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ABSTRACT: Previous research suggests that enhancing the volume of a food preload without altering energy content can result in reduced appetite, although the limited evidence means that the conditions under which this effect will occur are not yet clear. In the present study, we used a Universal Eating Monitor (UEM) to record test meal intake constantly, in parallel with appetite ratings, following soup-based preloads that varied both in volume (150 vs. 450 ml) and energy density (1.4 vs. 4.2 kJ/ml). Healthy young men (n=20) received four different preload conditions (repeated measures) followed by unlimited hot pasta test meals (interval 30 min). They completed appetite ratings during and after each laboratory session, and food diaries for the afternoon and evening following each session. Subjective appetite after the preloads was reduced by the high-volume preloads relative to low-volume preloads, with no difference between the two at each volume level. This indicates an effect of volume, but no effect of energy. Test meal intake in the high-volume, high-energy-density condition was reduced relative to the other conditions, which did not differ from one another. This indicates an effect of total energy, but no effect of volume. The dissociation between these different measures of appetite might be explained in terms of largely cognitive influences on subjective appetite between preload and test meal, contrasted with stronger physiological influences on actual intake during the test meal. With regard to previous studies, it is argued that food volume is more influential under circumstances where gastric volume is closer to its normal limits.Physiology & Behavior 06/2002; 76(1):57-64. · 3.16 Impact Factor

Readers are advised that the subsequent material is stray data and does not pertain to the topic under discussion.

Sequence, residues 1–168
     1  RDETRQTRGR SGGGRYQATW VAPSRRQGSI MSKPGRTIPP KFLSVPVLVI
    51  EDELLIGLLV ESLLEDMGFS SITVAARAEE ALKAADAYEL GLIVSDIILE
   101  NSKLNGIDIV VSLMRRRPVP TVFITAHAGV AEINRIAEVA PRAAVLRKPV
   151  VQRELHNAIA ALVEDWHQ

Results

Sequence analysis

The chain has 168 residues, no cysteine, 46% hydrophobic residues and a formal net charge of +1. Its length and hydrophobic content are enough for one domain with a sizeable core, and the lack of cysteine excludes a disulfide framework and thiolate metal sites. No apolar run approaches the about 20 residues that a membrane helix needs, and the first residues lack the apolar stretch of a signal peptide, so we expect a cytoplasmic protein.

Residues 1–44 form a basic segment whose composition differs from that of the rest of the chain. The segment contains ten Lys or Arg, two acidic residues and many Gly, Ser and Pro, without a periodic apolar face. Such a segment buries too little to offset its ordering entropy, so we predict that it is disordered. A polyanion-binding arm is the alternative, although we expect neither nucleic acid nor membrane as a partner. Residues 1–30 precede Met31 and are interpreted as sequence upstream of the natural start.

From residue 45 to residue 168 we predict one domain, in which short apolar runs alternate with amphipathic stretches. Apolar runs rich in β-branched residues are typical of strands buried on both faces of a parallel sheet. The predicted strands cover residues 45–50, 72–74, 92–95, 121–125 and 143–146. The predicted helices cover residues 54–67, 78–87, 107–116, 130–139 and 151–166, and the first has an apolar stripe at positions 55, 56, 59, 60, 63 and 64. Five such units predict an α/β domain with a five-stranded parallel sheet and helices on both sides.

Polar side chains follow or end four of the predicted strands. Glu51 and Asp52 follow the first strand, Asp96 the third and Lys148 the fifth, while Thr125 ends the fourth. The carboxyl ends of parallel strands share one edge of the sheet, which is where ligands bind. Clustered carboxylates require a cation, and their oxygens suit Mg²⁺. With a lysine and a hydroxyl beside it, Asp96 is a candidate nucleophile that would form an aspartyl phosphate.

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ABSTRACT: This study examined the effects of covert alterations in the energy density (ED) of mixed, medium fat (MF) diets on ad libitum food and energy intake (EI), subjective hunger and body weight in humans. Randomised cross-over design. Subjects were each studied three times (factorial design), during 14d, throughout which they had ad libitum access to one of three covertly-manipulated MF diets. Six healthy men, mean age (s.e.m.) = 30.0 y (12.76 y), mean weight = 71.67 kg (19.80 kg); mean height = 1.79 m (0.22 m), body mass index (BMI) = 22.36 (2.60) kg/m2, were studied. The fat, carbohydrate (CHO) and protein in each diet (as a proportion of the total energy) and energy density (ED) were, low-ED (LED), 38:49:13%; 373 kJ/100 g; medium-ED (MED), 40:47:13%; 549 kJ/100 g; high-ED (HED), 39:48:13%; 737 kJ/100 g. Subjects could alter the amount but not the composition of foods eaten. They were resident in (but not confined to) a metabolic suite throughout the study. Solid food intake decreased as ED increased, giving mean values of 2.84, 2.51 and 2.31 kg/d, respectively. This was insufficient to defend energy balance, since energy intake increased with increasing ED (F(2,10) 16.08; P < 0.001) giving mean intakes of 10.12, 12.80 and 16.17 MJ/d, respectively. Rated pleasantness of food (measured on visual analogue scales) was not significantly different between diets nor was subjective hunger different between the LED, MED and HED diets, respectively. Diet significantly affected body weight (F(2,10) = 4.62; P = 0.038), producing changes of -1.20, 0.02 and 0.95 kg, respectively, by day 14. Dietary ED can influence EI and body weight, since changes in amount eaten alone are insufficient to defend energy balance, when subjects feed on unfamiliar diets and diet selection is precluded. Comparison with our previous studies suggest that there was compensation in solid food intake when ED was altered using mixed diets (as in this study) compared to previous studies which primarily used fat or CHO to alter dietary ED.International Journal of Obesity 10/1998; 22(10):980-7. · 5.22 Impact Factor